I am deeply saddened on top of many layers of horror and sadness from these last few weeks. While we are all still reeling from the fears of unknowing and weeks of social isolation due to the COVID-19 pandemic, we witnessed the heartless murder of George Floyd on TV as he begged for his life and onlookers pled for his safety. The #blacklivesmatter dialogues that have followed by our leaders, celebrities, neighbors, friends, and families have sparked further insights, horrors, hopes, and healing. From my position of privilege, it is impossible to try on the skin of oppressed black and brown Americans. I do not have the capacity to do so no matter how hard I try. But I really do try. I know from decades of training and experience that none of us walk through this unjust world without prejudice and bias. It is the human condition. We ALL have work to do. Our rage and pain and fear and sadness offer opportunities for insight. Some are taking it in quietly, some are coming out fists up. I choose to believe that important voices are being heard, just as I believe they will unconsciously dim from our awareness when the news cycle becomes stale. We all must commit to keeping our fight against hate, oppression, and prejudice in the forefront of our minds and behavior from here until we breathe our last breath. As a collective, we can make a difference but only with consistent effort, education, and heart.
For this article from my role as a screen safety expert and child advocate, I’d also like to shine a light on another angry mob that feels justified in shaming online postings in passionate pursuit of justice. Last night it was a viral post that appeared in my 5k member mom community Facebook group. I woke up this morning and checked the weather, the news, and Facebook. First on my feed was a post from a young woman outing a pickup truck full of teens flying an American flag. She wrote, “Nothing brings me more joy than exposing racists, these troubled souls were driving by a peaceful protest in Camarillo yelling, “Fuck black lives.” Then she posted the license plate number. Shortly after, a s&^tstorm of comments ensued. The kids were named with the grade they were in and the school they attended. Moms raged that the boys were racists and terrorized a group of peaceful protesters by driving around saying these hateful things. Many blamed the parents and the parents’ businesses were mentioned. A few commenters spoke up saying it isn’t OK to socially shame minors or out their parents. Over 200 comments later, I was mortified.
I reported the post and impulsively posted this response:
I agree that some teen behavior is despicable but posting photos and names of minors on a forum that’s supposed to be for community building is wrong. Being a cyberbullying social shaming mob is the opposite of community building. We teach our kids to be better than this and then we, the adults, do it? As a mother, screen safety expert, and psychologist, I had to speak up as an advocate for kids. Kids make stupid mistakes. It’s our job as experienced adults who have learned from our stupid mistakes to work them through to insight. Instead of leading with compassion, this post could be potentially devastating for their futures. It teaches hate and shame rather than judgment and discernment. Just because a poster feels like they have the right to humiliate and harm those kids does not make it acceptable. Photos, names, and their grade and school?!! That’s called doxing. What you post may be legally actionable. We each need to consider how we’d feel if our child was outed like this. As a collective, we are not law enforcement, judge, and jury of this town. We can do better.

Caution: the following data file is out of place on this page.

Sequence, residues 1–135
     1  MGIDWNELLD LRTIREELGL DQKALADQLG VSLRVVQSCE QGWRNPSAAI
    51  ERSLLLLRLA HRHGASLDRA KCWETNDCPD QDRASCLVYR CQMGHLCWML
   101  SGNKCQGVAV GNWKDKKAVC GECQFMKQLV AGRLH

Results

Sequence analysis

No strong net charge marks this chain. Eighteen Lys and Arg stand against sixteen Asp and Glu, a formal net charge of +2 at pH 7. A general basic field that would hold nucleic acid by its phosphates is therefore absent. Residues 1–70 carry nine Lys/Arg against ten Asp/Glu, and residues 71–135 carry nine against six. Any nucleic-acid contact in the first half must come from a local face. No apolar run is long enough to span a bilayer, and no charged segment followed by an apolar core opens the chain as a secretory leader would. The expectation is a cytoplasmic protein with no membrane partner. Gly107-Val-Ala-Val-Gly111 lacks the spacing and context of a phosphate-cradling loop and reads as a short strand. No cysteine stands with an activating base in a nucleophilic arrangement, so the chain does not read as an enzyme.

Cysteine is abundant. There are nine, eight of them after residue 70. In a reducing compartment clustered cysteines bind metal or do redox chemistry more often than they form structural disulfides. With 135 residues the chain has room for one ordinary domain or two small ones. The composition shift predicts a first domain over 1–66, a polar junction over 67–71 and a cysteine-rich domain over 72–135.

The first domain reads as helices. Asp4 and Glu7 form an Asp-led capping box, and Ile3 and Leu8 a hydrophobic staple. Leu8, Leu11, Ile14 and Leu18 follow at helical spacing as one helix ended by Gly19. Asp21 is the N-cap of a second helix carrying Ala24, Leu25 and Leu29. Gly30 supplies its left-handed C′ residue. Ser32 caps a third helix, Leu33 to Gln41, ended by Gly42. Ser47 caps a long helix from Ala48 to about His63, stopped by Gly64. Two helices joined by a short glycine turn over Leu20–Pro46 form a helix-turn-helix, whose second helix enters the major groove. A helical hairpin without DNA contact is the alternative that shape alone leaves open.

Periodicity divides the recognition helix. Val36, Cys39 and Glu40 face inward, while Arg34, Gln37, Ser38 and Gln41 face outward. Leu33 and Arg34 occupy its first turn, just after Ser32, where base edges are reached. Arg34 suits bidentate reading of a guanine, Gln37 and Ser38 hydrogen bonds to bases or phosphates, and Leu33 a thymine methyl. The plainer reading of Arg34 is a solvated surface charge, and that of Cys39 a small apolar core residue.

Immediately from there, the admin shut down all comments to my post and took off the other post. I believe this was in support of my message and to stop the bleeding. Several likes and loves have ensued, but the dialogue stopped. Was that the right move to make?
The admin for this group and I have consulted about the bad behavior on this page before. Last time we talked, the kids of the town were cyberbullying and trolling the page with horrific images, one regarding the holocaust. She said she was so upset she threw up. My teen son told me that the kids had waged war on the “Karens” for outing kids on the page in the past with inaccurate claims and unfair vitriol. It sparked a lot of complicated discussions between us as a family. I listened a lot and raised ideas and challenged him. He and I talk a lot about social justice issues and how they are handled online. Recent events have been especially rich in opportunity.
The post went up late last night. It’s unclear if the admin even saw it until this morning. She has an impossible job wrangling angry moms all of the time, trying to offer an open forum but police it with reasonable community guidelines. It’s got to be an impossible and mostly thankless job. She’s even recruited helpers, but it’s tough to discern when a post is offensive rather than an opinion. She strikes me as gracious, generous, and reasonable.